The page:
A week after starting your new, 'independent' life in Bidesh, the first thing that hits you is that your bathroom reeks and you cannot bear the toxic stench any longer. There is no bua to clean it for you either, so toughen yourself for what awaits.
I don't know about other places but my dorm's bathroom in Montreal did not even have a drain. So pouring water to clean the floor was a terrible mistake. I still clearly remember the horror of having no drain in the bathroom; I just do not understand the logic behind that. Bathroom is one place where it is expected that you will spill water, and there could even be a leakage! I probably spent the next hour cursing the architect of the damn building. The sight of wet black mould accumulating on the corners of the floor was a joy to behold.
Soon, you learn to use spray-on tile cleaners and become the cleaning pro that you were always meant to be, or you might become anyway after graduating with a liberal arts degree. And then come the mid-term weeks when all you do is eat, pray, sleep in the library. The day it ends and you come home to finally relax and reward yourself with a hot shower and some tea, you realise that amidst your deadline, a pressing issue had been forgotten, a deadly blunder indeed. You wonder to yourself, how have I managed to live like a pig for so long?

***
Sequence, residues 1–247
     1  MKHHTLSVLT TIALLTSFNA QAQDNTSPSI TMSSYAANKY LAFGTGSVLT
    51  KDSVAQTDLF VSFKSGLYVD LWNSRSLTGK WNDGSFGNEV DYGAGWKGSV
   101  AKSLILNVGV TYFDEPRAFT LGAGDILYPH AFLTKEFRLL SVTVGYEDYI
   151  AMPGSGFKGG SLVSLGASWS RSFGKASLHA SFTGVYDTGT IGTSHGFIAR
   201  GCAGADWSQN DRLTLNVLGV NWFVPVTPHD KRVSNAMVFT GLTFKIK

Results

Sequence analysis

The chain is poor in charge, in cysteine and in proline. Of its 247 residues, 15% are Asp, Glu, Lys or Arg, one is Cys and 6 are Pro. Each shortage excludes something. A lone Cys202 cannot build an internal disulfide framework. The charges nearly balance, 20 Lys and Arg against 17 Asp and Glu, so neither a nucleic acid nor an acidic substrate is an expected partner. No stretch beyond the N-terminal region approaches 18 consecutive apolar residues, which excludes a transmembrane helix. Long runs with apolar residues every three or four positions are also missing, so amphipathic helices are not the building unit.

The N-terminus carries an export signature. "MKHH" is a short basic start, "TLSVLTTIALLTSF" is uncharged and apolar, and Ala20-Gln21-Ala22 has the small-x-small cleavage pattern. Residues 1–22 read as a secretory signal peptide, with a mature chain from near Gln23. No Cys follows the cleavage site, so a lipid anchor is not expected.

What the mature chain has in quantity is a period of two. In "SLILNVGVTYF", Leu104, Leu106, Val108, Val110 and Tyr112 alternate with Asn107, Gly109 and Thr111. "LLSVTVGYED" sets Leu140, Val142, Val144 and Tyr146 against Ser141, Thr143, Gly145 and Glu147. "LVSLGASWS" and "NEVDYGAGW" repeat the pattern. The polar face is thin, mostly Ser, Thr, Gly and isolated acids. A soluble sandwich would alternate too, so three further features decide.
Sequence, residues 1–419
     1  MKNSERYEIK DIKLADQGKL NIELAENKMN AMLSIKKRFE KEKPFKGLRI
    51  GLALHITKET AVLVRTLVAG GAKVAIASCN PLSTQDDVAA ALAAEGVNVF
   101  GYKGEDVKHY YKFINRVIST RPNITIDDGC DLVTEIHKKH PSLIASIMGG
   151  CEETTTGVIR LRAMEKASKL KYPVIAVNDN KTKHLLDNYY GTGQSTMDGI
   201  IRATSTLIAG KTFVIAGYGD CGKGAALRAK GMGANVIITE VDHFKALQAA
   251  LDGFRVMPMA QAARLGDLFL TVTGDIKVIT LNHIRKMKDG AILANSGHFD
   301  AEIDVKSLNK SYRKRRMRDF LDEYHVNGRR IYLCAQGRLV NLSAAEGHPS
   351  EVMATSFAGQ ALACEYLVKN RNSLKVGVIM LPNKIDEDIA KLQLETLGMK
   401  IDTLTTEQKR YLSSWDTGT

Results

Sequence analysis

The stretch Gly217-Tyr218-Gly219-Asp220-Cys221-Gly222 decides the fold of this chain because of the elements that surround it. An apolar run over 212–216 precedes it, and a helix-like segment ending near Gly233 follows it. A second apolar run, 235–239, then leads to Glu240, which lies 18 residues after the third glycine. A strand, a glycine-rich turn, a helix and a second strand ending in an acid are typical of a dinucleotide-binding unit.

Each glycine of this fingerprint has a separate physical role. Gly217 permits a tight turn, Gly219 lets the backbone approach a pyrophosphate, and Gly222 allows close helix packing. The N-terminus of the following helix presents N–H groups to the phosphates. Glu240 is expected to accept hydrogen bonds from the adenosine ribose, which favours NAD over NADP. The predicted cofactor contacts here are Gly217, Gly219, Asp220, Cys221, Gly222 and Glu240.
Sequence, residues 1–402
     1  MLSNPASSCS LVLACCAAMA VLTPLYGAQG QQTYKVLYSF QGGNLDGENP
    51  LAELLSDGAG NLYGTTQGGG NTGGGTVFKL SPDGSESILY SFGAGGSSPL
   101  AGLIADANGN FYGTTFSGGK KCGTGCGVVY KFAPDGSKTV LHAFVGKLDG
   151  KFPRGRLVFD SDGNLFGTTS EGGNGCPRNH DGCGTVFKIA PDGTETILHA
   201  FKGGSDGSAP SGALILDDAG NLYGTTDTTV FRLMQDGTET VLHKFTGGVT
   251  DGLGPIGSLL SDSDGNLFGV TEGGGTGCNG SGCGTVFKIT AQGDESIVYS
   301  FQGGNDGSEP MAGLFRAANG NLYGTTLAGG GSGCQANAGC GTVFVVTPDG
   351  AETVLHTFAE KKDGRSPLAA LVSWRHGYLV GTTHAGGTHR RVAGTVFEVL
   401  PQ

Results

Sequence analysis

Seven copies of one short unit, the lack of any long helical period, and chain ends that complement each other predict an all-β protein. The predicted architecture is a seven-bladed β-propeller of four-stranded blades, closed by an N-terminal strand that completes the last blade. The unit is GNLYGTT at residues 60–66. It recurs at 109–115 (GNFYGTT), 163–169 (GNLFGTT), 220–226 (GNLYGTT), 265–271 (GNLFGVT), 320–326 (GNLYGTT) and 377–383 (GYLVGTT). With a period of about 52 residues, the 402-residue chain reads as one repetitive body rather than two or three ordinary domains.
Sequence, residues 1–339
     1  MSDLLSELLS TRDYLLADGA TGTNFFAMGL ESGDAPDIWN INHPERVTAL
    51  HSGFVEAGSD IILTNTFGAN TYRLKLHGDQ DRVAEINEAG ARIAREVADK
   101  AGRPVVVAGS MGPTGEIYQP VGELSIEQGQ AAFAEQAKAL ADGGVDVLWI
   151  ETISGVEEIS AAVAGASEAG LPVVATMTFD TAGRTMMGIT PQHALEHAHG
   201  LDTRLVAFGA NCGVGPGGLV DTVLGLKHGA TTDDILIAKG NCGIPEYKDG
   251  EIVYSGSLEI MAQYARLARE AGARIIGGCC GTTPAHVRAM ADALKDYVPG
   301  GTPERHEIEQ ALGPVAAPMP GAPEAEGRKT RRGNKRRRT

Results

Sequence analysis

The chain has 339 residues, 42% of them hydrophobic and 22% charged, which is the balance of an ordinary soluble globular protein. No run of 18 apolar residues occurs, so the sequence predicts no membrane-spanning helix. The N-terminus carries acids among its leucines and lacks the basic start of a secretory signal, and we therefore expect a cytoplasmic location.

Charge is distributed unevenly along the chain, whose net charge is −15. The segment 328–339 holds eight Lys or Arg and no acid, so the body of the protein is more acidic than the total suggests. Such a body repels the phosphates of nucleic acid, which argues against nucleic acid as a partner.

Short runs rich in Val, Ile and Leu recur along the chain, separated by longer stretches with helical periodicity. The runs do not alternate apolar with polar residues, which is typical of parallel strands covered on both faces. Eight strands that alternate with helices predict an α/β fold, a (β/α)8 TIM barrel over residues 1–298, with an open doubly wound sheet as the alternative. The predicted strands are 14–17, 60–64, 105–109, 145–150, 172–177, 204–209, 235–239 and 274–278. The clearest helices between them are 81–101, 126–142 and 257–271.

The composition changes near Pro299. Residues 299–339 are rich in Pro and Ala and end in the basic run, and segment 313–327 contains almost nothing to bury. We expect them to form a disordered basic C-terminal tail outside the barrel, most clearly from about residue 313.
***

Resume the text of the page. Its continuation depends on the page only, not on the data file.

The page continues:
Then, the same old ritual begins, with a spray-on cleaner and a billion kitchen towels, a sacrificial dance to the Queen of Clean. After an hour of salsa with your friendly Lysol, the Queen demands the carpet be vacuumed. I personally love vacuuming because it's not half as disgusting as cleaning the bathroom but then one fine day, my $10 worth second-hand vacuum cleaner blew up.
I won't even begin with what happens if your roommate's level of hygiene does not match yours.
Here, I'll leave you with a picture of some of my friends cleaning their backyard in the United States and the garbage of one of my Bangladeshi friends after mid-terms week. This is a serious issue, do not take hygiene lightly.